It is important to assess the level of trust among group members to promote group cohesion. Answering these questions before launching virtual delivery will shape how you modify exercises/activities.
- How well do participants know each other?
- If your organization has already started the group in person, how many group sessions were held before switching to virtual delivery?
- What is participants’ level of safety and familiarity with each other?
- Do members of this group know each other outside of the group experience? For example, do they all live in the same neighborhood or work together?
- Are they complete strangers?
For participants who know each “less well”, consider what will help them to build trust in a virtual environment. You may need to put more energy into leading activities such as the developing the contract exercise. You may need to call on participants rather than do popcorn style responses. You may need to point out connections and similarities among participants to develop that sense of “we are all human.”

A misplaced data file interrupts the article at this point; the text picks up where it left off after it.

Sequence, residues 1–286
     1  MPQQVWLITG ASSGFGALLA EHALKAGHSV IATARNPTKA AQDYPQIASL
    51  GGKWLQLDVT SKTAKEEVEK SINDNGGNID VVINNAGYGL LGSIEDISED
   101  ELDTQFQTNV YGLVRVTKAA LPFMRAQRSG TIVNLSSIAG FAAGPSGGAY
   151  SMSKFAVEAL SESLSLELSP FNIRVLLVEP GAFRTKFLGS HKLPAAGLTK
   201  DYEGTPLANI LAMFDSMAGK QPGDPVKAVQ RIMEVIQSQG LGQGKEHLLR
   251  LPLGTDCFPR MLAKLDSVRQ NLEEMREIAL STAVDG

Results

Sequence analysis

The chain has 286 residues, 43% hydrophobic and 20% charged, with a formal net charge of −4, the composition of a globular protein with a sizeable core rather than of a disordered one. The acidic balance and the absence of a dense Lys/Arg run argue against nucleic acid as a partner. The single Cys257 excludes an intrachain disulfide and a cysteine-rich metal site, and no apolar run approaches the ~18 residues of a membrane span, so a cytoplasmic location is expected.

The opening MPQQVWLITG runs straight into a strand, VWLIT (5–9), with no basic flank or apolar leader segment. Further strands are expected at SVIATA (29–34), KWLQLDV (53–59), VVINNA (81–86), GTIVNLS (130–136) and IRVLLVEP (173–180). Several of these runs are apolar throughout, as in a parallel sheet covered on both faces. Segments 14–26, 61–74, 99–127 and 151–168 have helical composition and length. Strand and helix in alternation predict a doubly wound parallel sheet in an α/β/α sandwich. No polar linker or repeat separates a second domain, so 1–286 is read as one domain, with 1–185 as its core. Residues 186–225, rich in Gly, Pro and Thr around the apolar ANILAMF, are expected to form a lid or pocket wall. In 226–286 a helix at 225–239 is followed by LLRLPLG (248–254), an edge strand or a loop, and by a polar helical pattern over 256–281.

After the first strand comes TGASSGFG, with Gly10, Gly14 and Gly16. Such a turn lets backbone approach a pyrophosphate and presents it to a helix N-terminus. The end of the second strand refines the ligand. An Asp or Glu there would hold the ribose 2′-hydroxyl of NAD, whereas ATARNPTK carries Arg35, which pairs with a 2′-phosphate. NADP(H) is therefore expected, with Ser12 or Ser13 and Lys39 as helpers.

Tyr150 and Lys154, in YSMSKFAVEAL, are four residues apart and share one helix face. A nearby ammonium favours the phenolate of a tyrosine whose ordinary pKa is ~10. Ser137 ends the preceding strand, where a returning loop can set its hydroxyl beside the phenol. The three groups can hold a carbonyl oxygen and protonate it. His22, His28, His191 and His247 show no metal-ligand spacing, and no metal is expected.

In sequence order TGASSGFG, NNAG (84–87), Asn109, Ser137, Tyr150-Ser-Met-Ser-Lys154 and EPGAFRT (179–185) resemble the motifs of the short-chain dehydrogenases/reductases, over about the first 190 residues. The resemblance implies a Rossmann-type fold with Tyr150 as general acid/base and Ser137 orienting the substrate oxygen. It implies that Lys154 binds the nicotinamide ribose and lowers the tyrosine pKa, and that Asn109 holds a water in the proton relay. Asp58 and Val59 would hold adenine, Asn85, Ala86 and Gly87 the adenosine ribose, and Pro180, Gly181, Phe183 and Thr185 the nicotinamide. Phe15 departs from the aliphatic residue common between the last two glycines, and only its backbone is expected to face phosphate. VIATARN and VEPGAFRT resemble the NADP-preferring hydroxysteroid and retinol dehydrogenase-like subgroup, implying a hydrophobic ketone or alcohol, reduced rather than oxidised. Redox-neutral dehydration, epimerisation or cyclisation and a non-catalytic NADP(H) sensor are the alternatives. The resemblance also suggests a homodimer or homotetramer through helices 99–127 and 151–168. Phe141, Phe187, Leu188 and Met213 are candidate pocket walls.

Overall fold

Participant’s relationship with facilitator
Part of building trust requires assessing the participant’s previous or existing relationship with the group facilitator(s).
- Are participants “clients” of the facilitator? Does the participant get support from the facilitator on a consistent basis through other services? For example, is the facilitator their case manager, therapist, or parent advocate?
- Does the facilitator otherwise relate to the participant in another professional capacity, as the child’s teacher or health care worker?
Prior relationships have pros and cons. Be sensitive to the fact that you will now be seeing participants’ homes and they may be seeing yours. If you have pre-existing relationship, the hope is that there will be a higher level of trust, and it is worth having a direct conversation prior to the start of groups.